Monday, September 15, 2014

Eulogizing the Luddite

In the early 19th century, the advancement of technology was seen as a threat by some people who feared it would take away their jobs.  Rather than viewing technologies as tools to help them do more with less effort and better results, they took the view that their cherished and long-honed skills were meaningless and viewed it as a threat.  Rather than embracing the potential benefits, they opposed them vociferously.  These people were referred to as Luddites (history varies as to why).

Today, a true Luddite would be a pretty rare spectacle indeed - shamelessly decrying technology as a threat to their livelihoods, failing (perhaps on purpose) to see how it could allow them to achieve things they would not have been able to otherwise.

However long ago the eulogy for the Luddite was read, their kind have not vanished from the landscape.  They're still among us today, as something far worse - the apologetic, self-hating Luddite.

There's a line in time that serves as an almost insurmountable fence separating those who can develop a working mastery of information technology, and those who cannot for one reason or another.  In my experience it seems to start with those born before 1965 - 1970, with those born later having generally no problems at all utilizing technology to meet their desires, and those born before having generally no affinity nor use for technology in their daily lives.

Here's the rub - lots of people born at or before that line in time have jobs as professional knowledge workers, requiring them to be proficient with technology.

These people are perhaps the single biggest reason IT support organizations exist and remain busy.  In the 30 or so years that information technology has been "a thing" in the enterprise, one constant has remained across time - lots of people don't get it, or don't want to get it, and most of them are old.

We can spend forever attempting to determine why this is, and how to fix it, as though being a Luddite is an illness and we just haven't been able to cure it yet.  My opinion is a lot more harsh, and it's borne from decades of being in the business - decades of doing grunt work for someone else making far more money than me, whose job I could do in my sleep, but who would drown within hours of attempting to do mine.  That fundamental disparity leaves no room for sympathy.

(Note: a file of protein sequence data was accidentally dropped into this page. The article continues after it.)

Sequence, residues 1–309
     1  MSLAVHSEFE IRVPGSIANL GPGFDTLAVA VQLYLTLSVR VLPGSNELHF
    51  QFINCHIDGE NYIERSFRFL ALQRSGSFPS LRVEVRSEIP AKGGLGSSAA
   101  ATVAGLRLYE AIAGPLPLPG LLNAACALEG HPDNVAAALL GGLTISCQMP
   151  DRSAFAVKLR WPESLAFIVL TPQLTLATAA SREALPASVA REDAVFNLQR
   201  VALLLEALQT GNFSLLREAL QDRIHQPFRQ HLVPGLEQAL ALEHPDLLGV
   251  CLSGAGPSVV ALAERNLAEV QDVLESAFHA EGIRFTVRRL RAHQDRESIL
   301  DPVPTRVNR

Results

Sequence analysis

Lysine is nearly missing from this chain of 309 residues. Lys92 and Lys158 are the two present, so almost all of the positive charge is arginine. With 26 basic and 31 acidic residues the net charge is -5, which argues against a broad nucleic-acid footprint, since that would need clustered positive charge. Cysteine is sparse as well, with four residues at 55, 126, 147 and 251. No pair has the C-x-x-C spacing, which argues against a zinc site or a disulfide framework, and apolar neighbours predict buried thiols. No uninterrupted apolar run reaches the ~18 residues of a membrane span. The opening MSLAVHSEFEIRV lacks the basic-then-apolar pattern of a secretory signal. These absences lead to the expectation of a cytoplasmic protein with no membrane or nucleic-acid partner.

Time is marching on.  Technology isn't going to plateau, nor slow down its advances, for anyone.  At what point is it no longer acceptable for a person to be incapable of utilizing technology to accomplish their duties efficiently?

Let's use the paradigm of technology as it applies to other tools & trades.  How apt are we to hire, let alone pay a premium due to tenure for, a carpenter who is able only to use handsaws while young journeyman apprentices use power saws and the like with all the resulting increases in productivity?  How apt are we to employ a fleet of salespeople who have leather-bound books to contain prospect lists and business cards instead of those familiar with Outlook and CRM solutions?  How much patience would we have for automobile mechanics who were flummoxed by the array of sensors on modern vehicles, or who refused to avail themselves of pneumatic tools?  How about the arborist who refused to use chain saws?  How long will a factory last that won't employ machinery to perform rudimentary tasks such as pipe bending, stamping, etc?

The rest of the world, in a larger majority every day, is employing technology to their benefit - be it information technology, machinery, robotics, automation, etc.  In order for business plans to make sense and be competitive, there's an implicit mastery of technology written into the numbers.  Efficiency isn't a great gift, it is an expectation.

So the question remains, for those who don't get it - those who call their helpdesks to figure out how to use Excel, or send an email to several people, or print something that will staple and collate, and who all sheepishly say "I'm not very good with computers" as though that makes it all okay - how much longer do you expect the world to buy your excuses?  How much longer will we have to carry your sorry, heavy, expensive butt?

It's always easier to just help you out - meaning, do it for you, because if you understood it you'd have learned how to do it yourself the last time.  But every time we do, believe us - we'd be a lot happier reading your eulogy.

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